Sciencemadness Discussion Board

Water pumps for Distilation

Arcus - 12-5-2021 at 11:07

My water pump broke due to some fault, and I need to buy a new one. Do you know what sort of speed is best for general distillations? eBay sellers have many options: Everything from 180/h to 17000L/h. I thought if it was on the high side it could cause enough pressure to break the glass, but not enough and it wouldn't cool it enough.
Any help is appreciated, as I have not been able to find any useful answers.

[Edited on 12-5-2021 by Arcus]

Oxy - 12-5-2021 at 11:31

You want a pump which will pump the water to the condenser? I am using the cheapest one from hardware store which can pump few l/min.
You don't need enormous speed and pressure for coolant circulation.

Fyndium - 12-5-2021 at 12:18

I suggest using an industrial pressure washer for condenser.

No, really, even the cheapest aquarium or aquaponic pump is more than sufficient for any tabletop distillations. The head might be 30-50cm so the pump circuit must be primed by either lowering the condenser or raising the reservoir, but after that it keeps the water running.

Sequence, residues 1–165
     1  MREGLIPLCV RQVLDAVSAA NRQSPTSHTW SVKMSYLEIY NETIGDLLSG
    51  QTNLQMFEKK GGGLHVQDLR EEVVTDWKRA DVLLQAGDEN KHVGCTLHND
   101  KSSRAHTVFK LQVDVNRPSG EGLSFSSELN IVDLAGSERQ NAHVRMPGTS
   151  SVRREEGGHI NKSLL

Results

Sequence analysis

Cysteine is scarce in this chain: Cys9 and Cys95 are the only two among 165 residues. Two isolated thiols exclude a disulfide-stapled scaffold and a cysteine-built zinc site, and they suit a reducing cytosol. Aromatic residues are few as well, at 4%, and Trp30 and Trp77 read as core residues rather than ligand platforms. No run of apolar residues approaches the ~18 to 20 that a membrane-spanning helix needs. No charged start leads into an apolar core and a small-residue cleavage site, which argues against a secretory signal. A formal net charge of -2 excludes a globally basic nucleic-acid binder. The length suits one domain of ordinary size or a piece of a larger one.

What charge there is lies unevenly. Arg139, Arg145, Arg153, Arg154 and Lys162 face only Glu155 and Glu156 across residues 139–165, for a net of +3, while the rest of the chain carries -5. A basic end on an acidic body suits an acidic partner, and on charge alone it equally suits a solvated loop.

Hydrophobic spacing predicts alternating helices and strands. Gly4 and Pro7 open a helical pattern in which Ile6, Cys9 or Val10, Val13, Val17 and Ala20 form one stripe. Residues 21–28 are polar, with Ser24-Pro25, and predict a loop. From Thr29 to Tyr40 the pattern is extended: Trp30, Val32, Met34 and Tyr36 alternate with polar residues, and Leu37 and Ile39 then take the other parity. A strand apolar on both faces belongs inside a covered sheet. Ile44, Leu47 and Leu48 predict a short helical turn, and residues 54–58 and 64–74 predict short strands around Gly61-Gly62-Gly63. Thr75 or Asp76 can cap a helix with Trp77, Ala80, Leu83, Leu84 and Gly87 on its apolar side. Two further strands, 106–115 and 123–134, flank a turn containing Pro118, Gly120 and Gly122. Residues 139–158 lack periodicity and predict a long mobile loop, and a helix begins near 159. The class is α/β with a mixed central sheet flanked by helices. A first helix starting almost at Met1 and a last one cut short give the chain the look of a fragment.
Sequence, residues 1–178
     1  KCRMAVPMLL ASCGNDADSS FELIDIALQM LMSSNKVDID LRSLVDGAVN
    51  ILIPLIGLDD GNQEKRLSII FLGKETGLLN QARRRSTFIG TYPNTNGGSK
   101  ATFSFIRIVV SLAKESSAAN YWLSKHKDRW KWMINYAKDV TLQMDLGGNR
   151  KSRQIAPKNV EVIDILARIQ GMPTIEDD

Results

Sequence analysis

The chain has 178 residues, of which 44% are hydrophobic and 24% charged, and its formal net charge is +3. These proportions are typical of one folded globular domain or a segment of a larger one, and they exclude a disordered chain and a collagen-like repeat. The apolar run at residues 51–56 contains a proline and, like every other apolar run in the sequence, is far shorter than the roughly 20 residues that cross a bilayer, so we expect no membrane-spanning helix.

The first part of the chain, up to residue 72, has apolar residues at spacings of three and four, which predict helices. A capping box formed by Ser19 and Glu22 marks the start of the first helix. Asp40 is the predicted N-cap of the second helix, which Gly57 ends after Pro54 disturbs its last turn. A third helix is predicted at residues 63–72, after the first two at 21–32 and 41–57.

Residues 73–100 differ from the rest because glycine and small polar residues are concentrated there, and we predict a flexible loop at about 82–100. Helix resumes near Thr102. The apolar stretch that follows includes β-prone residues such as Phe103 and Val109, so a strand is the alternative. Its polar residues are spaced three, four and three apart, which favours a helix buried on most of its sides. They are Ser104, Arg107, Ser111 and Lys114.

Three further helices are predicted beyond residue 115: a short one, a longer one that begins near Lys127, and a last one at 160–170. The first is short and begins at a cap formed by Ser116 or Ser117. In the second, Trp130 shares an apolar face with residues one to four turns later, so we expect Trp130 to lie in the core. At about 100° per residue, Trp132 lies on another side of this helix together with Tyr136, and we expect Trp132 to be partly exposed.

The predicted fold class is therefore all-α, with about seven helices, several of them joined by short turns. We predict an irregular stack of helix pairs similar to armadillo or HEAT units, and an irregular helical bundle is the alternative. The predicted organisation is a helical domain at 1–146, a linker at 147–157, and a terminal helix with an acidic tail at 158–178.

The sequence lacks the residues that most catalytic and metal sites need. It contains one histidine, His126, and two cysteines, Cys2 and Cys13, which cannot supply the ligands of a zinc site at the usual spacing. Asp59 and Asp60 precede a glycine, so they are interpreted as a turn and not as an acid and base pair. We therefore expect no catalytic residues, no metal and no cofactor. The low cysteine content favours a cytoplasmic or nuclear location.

For ejector aspirator pump, things are a bit different. You want at least 5bar pressure with at least 10L/min rated capacity. The ejector will throttle the flow to it's capacity.

B(a)P - 12-5-2021 at 13:36

I run a cheap pond pump. Don't worry too much about flow rate, just make sure the pump can achieve the head you need. Then to deal with the flow rate you can have a recirculation loop before your condenser with a valve on the line going to the condenser and one on the recirculation loop. You can then adjust your flow rate as needed.

RustyShackleford - 12-5-2021 at 15:11

I have been using these small 5 dollar 12VDC cube pumps for years. so far ive only replaced it once, but in retrospect it probably just had some gunk cought in the shaft.